Apparently, according to the DOJ law, Kansas state law forbids real estate brokers from offering rebates, but doesn’t define the term “rebates.” The Kansas state ban, of course, is highly anticompetitive. It directly restricts price competition and harms consumers in Kansas. The Kansas government has unfortunately chosen to protect profits in the real estate profession over the well-being of its citizens.
But that happens all the time. In my view, the most pernicious anticompetitive conduct takes the form of government action—often at the behest of a trade association—that legally prohibits competition, to protect some favored group. It is government corruption. You can read our articles about the government and anticompetitive conduct here.
The federal antitrust agencies, including and especially the FTC, work hard to pressure state and local government entities to stop their anticompetitive conduct. And that is what the DOJ is doing here, through their letter.
The Kansas Real Estate Commission is considering a regulation that would broadly define rebates to include, for example, gift cards that are redeemable at retailors like Home Depot, Lowes, and other places. Under the proposed regulation, Kansas real estate agents could still offer the gift cards as gifts, but they can’t be part of any agreement with the customer. This distinction will, incidentally, create evidentiary issues in future enforcement.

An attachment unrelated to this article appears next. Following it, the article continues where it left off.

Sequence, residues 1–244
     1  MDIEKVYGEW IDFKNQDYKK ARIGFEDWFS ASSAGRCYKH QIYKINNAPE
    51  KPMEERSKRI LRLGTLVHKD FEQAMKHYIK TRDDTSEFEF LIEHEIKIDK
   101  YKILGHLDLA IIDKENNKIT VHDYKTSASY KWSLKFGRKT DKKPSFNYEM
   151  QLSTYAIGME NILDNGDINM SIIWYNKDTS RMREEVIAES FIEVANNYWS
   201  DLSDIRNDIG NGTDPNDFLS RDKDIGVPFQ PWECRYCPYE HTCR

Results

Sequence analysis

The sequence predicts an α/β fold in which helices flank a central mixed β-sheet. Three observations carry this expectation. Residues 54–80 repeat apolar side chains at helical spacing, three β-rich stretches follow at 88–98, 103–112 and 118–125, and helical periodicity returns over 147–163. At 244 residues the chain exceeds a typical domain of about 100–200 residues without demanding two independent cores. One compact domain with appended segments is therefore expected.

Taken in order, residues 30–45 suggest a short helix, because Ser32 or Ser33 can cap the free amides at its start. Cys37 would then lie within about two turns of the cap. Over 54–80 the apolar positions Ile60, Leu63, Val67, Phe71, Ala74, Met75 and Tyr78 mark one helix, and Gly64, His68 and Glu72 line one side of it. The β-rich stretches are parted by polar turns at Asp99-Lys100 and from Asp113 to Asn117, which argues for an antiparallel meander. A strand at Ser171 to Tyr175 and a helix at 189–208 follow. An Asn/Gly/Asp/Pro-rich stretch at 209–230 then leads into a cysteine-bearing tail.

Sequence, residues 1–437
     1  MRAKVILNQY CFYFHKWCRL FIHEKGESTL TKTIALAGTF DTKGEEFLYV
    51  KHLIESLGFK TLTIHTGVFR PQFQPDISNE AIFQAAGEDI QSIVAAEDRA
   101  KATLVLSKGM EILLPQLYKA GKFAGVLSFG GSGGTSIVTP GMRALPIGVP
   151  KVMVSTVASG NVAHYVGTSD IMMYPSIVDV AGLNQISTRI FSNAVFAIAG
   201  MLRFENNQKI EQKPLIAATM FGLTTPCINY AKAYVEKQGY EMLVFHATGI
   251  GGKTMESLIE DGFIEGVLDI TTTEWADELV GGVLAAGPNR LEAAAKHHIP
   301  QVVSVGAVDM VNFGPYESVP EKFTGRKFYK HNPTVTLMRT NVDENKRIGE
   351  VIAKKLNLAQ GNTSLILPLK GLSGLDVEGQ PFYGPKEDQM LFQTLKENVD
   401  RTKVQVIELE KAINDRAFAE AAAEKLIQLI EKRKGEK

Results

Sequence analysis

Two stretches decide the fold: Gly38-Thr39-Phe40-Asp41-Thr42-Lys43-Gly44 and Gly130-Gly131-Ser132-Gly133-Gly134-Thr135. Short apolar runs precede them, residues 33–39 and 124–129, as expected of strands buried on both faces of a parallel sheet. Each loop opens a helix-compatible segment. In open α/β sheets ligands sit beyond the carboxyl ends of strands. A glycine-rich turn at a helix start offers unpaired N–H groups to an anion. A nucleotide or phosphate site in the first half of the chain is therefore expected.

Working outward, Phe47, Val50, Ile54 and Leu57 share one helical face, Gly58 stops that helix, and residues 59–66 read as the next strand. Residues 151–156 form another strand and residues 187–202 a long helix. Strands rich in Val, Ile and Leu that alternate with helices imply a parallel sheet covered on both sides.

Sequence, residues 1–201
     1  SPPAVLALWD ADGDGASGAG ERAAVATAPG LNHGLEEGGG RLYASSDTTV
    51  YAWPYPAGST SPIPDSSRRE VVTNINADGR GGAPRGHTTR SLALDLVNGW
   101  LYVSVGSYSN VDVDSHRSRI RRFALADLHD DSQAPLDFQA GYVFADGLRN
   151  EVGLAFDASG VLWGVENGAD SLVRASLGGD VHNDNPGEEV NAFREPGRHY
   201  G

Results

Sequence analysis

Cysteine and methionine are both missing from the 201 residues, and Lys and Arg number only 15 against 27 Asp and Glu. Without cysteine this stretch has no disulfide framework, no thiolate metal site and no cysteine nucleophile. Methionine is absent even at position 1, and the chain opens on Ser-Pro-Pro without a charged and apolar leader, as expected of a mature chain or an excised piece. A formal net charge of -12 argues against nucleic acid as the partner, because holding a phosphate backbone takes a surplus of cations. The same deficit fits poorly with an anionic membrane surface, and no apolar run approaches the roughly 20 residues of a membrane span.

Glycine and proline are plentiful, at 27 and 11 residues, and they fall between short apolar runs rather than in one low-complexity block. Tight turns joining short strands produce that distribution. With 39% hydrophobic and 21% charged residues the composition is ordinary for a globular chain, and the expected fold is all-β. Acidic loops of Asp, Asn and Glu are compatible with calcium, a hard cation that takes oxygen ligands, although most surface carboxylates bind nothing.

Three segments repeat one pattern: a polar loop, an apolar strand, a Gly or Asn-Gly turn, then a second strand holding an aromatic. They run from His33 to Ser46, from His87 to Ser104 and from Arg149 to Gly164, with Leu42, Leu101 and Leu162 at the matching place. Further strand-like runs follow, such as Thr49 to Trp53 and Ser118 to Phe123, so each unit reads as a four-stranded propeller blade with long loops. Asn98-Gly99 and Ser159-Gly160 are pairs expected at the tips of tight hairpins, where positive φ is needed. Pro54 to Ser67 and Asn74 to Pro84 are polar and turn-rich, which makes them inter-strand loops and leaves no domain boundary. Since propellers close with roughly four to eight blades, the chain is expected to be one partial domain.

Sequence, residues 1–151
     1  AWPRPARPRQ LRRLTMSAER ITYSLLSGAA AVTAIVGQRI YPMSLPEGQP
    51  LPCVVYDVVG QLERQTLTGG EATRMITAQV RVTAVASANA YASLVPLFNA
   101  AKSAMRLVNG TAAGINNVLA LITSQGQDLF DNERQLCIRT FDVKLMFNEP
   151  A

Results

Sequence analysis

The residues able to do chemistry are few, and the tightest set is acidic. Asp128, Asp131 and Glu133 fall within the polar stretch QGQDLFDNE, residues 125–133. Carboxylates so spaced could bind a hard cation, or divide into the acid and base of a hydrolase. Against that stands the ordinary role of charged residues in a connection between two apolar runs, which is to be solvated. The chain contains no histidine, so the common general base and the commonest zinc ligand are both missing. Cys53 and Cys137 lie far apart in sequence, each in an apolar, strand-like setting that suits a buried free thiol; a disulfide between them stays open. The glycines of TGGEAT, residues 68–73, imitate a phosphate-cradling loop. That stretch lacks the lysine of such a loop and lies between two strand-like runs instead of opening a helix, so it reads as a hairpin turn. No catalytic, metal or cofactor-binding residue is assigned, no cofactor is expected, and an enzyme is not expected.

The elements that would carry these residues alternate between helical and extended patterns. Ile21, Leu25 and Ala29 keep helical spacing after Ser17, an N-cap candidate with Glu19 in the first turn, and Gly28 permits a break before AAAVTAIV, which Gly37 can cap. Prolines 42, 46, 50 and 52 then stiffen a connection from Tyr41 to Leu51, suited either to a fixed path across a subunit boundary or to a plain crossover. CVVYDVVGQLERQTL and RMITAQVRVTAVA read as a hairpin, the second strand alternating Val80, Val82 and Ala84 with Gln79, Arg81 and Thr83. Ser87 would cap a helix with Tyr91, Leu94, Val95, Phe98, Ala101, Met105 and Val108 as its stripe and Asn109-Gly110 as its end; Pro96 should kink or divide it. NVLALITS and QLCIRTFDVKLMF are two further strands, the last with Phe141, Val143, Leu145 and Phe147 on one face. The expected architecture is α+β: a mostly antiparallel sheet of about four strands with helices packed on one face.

The purpose of the regulation, of course, is to prohibit real estate agents in Kansas from using promises of gift cards as part of competition to gain clients. So the distinction itself confirms the anticompetitive nature of the regulation.
The DOJ letter to the Kansas Real Estate Commission urges them not to adopt the regulation because it harms competition. And DOJ is right.
But let’s take this further: The Kansas Real Estate Commission is made up primarily of real estate professionals in Kansas that presumably compete, even if they are from different parts of Kansas.
So, like the North Carolina Dental Board that was made up of dentists and could violate the antitrust laws without the benefit of state action immunity, the Kansas Real Estate Commission is subject to the antitrust laws, assuming, as I think is likely, that they are not subject to Active Supervision.
If the real estate members of this Kansas Commission reach an agreement on the regulation to broadly define “rebate” under law to preclude real estate brokerage competitors from offering gift cards as part of competition, there is a good chance that the Commission itself and its individual members are engaging in a naked restraint of trade in violation of the antitrust laws.
Hopefully the Kansas Real Estate Commission and its individual members have a knowledgeable antitrust attorney that can tell them about the risks of joining together to exercise power to eliminate price competition among themselves and their other industry competitors.
Of course, determining whether such action is an antitrust violation would require more analysis—it isn’t always straightforward—but if I were counseling these clients on antitrust risk, I would certainly raise it as a significant issue requiring deep analysis. If they want to help consumers of real estate services, what they should be doing instead is urging the Kansas legislature to eliminate the restriction on rebates altogether.